U.S. Department of Agriculture: Agricultural Research Service, Lincoln, Nebraska


Document Type


Date of this Version



Published in Biological Control 49 (2009) 245–253.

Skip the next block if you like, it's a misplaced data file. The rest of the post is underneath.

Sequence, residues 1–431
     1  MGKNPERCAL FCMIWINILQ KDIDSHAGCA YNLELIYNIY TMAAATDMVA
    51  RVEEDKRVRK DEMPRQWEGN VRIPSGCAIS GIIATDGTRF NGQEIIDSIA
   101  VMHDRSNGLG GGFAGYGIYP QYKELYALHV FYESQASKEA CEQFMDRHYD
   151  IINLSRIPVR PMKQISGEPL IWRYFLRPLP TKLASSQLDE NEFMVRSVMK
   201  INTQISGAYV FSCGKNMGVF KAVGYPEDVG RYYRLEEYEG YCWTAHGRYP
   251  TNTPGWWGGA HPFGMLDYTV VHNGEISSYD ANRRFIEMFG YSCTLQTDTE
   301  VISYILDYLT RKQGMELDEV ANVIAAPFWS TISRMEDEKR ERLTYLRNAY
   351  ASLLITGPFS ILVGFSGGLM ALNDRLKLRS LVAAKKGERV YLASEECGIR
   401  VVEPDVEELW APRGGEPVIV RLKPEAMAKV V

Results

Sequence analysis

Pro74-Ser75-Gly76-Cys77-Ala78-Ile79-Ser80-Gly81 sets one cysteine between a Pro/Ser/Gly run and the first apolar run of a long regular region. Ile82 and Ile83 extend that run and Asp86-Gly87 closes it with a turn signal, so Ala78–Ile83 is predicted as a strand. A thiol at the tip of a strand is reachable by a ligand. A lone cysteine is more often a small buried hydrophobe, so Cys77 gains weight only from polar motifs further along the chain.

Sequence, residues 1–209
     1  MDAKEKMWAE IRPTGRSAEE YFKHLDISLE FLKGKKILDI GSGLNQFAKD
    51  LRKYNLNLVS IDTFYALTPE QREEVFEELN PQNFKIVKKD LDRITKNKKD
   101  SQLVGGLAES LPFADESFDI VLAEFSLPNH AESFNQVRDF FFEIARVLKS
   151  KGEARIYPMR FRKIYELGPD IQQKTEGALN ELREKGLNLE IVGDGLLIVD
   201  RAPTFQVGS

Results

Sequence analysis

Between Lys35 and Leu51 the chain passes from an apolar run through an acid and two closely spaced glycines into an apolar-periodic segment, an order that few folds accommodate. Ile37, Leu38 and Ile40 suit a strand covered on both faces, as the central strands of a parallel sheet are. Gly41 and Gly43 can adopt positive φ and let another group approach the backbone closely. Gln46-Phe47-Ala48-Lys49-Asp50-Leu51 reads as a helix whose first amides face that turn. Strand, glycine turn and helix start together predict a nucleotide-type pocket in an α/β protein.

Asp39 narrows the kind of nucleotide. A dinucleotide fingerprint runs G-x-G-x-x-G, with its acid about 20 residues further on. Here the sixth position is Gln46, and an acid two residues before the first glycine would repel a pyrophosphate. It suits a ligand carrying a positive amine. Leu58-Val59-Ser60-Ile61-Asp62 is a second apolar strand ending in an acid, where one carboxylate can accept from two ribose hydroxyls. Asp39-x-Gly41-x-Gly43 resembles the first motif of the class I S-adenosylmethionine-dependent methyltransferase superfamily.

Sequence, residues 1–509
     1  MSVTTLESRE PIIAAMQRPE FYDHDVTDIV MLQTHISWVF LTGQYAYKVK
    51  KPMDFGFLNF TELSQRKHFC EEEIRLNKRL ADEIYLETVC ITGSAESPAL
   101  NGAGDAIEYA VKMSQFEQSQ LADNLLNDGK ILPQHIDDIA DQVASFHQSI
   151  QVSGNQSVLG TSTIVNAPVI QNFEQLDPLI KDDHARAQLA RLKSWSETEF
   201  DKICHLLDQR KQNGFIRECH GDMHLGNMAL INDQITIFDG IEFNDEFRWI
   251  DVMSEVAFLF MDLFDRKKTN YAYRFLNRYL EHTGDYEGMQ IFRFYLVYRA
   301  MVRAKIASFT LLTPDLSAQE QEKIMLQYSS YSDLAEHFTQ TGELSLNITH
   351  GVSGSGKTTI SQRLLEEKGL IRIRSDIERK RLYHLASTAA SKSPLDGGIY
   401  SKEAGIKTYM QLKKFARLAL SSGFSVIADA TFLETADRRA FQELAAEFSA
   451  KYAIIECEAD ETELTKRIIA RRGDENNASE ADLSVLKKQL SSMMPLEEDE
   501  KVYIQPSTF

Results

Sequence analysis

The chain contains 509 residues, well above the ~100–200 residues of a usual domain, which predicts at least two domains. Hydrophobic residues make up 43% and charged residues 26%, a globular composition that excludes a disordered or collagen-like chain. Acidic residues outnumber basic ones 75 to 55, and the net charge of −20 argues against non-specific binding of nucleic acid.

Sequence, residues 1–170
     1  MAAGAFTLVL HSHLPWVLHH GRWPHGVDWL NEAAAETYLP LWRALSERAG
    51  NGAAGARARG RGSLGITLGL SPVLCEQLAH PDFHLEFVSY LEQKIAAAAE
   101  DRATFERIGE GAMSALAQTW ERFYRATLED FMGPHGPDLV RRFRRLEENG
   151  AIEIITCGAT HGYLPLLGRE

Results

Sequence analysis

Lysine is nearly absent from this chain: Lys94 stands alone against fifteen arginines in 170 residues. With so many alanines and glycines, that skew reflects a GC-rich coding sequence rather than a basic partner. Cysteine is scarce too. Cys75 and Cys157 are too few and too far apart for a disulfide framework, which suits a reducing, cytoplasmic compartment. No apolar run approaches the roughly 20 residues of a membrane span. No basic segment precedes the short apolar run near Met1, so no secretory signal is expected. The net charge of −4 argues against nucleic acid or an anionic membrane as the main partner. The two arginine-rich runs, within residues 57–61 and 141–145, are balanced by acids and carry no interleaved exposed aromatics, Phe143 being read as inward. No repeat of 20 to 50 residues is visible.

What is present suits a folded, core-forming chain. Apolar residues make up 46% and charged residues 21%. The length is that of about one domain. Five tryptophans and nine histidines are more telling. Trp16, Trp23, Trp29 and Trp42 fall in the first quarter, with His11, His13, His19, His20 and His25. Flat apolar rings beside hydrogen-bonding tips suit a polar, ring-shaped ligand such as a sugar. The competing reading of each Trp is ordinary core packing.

Several parasitoids of African origin have been introduced to coffee producing areas of the Americas and Asia as biological control agents of the coffee berry borer (CBB) Hypothenemus hampei (Coleoptera: Curculionidae). These parasitoids have become established in the field but their effect on the CBB has been limited. A two-year field study in Western Kenya has found Prorops nasuta (Hymenoptera: Bethylidae) to be the predominant parasitoid emerging from CBB-infested coffee berries collected on coffee trees or from the ground. P. nasuta comprises more than 75% of the total natural enemies collected. The density of P. nasuta was 90% higher in the berries collected from the ground than from the trees. Its hyperparasitoid, Aphanogmus sp. (Hymenoptera: Ceraphronidae), also emerged from both type of berries. Across the two seasons, the average P. nasuta density per berry was 18–35 times higher than that of Aphanogmus sp. Throughout the two years sampled, significantly higher numbers of P. nasuta and Aphanogmus sp. occurred between February and March, which coincides with the beginning of the rainy season. Higher numbers of live CBB females were recorded in berries collected from the trees. Nevertheless, mortality of adult CBB was considerably higher from January to March and started to decrease from April onwards. The possibly negative effects of cultural control practices in Latin America which include the removal of berries fallen to the ground on biological control of CBB are discussed, and the use of screened collection devices for these berries which would permit the release of parasitoids but prevent escape of the pest is proposed.